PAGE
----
SELECT * FROM Cybex WHERE NOT(Cybex.PartNumber IN (SELECT
DataSheets.Partnumber FROM DataSheets))

It is returning 0 results. Any help would be appreciated, thanks.


Andy

A more elegent and better performing solution would be to do a left
join and select records where datasheet table returns null, i.e.

select * from cybex a left join datasheets b on a.partnumber =
b.partnumber
where b.partnumber is null

hth
Hodge
Jul 20 '05 #3
Tony,

Elegance is a subjective matter, but there's no reason that one of these
formulations should outperform the others in theory. As they describe the
same result, an intelligent DBMS should resolve them all to the same
(hopefully optimal) query plan. Consider this example using the pubs
database.

SELECT *
FROM publishers
WHERE pub_id NOT IN (
SELECT pub_id
FROM titles
WHERE pub_id IS NOT NULL);

SELECT *
FROM publishers AS p
WHERE NOT EXISTS (
SELECT *
FROM titles
WHERE pub_id=p.pub_id);

SELECT p.*
FROM
publishers AS p LEFT JOIN
titles AS t ON p.pub_id=t.pub_id
WHERE
t.pub_id IS NULL;
On my laptop, Query Analyzer shows me three nearly identical query plans.
As it happens, the third is the worst and the second is the best. (For the
sake of completeness, other formulations using ALL, ANY, and SOME are
handled exactly as NOT IN.) There's no reason that NOT EXISTS should always
produce the best plan or that the LEFT JOIN query should always produce the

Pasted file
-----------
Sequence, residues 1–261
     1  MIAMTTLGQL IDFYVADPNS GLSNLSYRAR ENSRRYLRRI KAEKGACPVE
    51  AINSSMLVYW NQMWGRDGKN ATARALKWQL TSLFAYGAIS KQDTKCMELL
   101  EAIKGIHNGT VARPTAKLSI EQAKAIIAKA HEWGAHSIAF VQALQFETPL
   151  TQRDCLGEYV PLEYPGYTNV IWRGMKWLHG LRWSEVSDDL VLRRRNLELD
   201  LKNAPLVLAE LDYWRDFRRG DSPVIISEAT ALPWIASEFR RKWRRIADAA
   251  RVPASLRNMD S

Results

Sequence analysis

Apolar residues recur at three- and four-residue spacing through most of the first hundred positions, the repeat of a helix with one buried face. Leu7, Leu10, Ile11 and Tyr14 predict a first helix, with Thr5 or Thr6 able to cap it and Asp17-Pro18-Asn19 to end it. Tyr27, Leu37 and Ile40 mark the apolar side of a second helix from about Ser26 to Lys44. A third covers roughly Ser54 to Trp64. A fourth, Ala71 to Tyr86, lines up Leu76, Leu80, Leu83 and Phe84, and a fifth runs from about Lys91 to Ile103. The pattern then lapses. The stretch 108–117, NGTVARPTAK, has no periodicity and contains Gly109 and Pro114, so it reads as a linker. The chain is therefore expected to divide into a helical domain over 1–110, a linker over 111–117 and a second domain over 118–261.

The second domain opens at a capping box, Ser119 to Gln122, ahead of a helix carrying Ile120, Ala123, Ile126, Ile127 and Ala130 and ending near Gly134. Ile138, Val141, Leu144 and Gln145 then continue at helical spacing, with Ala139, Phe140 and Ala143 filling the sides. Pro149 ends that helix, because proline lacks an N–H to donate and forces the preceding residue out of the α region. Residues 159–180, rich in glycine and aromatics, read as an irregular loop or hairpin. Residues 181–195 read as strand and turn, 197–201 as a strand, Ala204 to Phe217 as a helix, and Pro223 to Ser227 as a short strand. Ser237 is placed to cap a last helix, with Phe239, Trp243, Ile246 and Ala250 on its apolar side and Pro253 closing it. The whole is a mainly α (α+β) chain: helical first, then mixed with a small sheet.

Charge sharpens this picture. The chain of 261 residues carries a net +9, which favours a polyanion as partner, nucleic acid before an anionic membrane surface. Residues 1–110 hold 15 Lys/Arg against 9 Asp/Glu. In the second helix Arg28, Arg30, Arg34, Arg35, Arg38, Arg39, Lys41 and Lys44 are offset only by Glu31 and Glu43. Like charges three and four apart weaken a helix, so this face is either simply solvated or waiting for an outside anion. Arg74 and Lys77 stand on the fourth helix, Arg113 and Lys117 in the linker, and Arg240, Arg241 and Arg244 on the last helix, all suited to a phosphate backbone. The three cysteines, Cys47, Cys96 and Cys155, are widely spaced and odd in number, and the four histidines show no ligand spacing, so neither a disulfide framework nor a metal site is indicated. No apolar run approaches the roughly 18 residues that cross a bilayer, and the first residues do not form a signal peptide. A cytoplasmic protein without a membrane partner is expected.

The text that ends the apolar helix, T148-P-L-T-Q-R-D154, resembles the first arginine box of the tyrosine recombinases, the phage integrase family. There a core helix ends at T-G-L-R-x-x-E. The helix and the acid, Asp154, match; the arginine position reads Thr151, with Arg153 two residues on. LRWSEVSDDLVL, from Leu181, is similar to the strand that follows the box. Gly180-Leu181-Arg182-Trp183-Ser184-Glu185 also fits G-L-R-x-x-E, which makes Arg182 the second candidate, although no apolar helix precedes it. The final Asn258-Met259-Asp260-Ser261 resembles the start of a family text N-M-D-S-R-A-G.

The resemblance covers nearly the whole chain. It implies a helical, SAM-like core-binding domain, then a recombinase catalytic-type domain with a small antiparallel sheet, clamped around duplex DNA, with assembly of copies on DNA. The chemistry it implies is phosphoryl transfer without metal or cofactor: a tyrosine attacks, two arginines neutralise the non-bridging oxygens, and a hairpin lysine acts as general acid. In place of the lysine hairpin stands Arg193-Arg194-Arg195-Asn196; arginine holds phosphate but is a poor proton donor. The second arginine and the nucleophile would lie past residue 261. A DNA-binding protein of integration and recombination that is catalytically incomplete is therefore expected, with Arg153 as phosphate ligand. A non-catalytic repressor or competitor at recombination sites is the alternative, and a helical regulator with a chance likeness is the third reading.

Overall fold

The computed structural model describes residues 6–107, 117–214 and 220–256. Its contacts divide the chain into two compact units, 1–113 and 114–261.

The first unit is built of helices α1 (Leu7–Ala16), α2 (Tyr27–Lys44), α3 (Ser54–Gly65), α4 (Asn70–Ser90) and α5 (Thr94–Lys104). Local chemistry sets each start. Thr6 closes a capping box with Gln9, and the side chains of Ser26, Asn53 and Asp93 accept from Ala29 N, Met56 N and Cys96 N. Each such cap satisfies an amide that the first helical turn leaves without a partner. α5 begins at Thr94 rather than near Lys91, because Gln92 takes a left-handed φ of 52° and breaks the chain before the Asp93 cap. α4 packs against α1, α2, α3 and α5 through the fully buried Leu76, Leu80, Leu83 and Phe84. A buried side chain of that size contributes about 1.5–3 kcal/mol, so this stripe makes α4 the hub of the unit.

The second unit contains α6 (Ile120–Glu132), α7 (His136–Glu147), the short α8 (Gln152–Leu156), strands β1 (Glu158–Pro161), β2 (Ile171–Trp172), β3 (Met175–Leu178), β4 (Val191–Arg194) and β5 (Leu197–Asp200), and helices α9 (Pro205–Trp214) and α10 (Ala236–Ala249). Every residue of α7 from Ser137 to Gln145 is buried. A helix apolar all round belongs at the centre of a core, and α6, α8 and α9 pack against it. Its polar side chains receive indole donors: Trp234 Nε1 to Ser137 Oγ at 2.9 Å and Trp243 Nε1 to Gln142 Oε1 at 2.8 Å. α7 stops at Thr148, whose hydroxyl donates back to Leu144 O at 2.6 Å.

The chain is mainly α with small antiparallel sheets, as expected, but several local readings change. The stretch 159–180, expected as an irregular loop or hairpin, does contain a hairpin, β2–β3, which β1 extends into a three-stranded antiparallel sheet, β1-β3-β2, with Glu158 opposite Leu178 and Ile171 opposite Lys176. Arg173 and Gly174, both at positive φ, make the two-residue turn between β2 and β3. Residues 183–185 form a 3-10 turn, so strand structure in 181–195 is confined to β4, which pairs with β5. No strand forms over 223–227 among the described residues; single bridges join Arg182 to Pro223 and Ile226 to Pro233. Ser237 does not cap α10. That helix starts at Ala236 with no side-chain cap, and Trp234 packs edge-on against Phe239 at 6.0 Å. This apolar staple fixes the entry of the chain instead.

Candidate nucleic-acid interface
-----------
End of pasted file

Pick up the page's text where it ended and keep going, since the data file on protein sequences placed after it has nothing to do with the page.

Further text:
worst (given that the plans are different in the first place). These things
are influenced by many factors. So far as I can see, the third technique
has only one constant advantage over the others: that it can be used easily
by non-programmers with drag-and-drop interfaces such as Access.

Rich
"Tony Hodgson" <to**@exactconsulting.co.uk> wrote in message
news:a7*************************@posting.google.co m...
an**@pepperell.net (Andy Visniewski) wrote in message

news:<f6**************************@posting.google. com>...
Should be easy, but I've been trying to figure this out for about half
an hour with no luck. There is a table 'Cybex' which has all the Cybex
products we sell, and a table 'Datasheets' which contains a list of
the datasheets available for products. Both tables have a PartNumber
column.

On with the problem. If i do SELECT * FROM Cybex, it lists the 1000 or
so products. and then SELECT * FROM DataSheets, it lists the 800
datasheets we have for the cybex products. this should mean that there
are around 200 products without the datasheets

So, to get those 200 products without datasheets, shouldnt this work?
SELECT * FROM Cybex WHERE NOT(Cybex.PartNumber IN (SELECT
DataSheets.Partnumber FROM DataSheets))

It is returning 0 results. Any help would be appreciated, thanks.


Andy

A more elegent and better performing solution would be to do a left
join and select records where datasheet table returns null, i.e.

select * from cybex a left join datasheets b on a.partnumber =
b.partnumber
where b.partnumber is null

hth
Hodge

Jul 20 '05 #4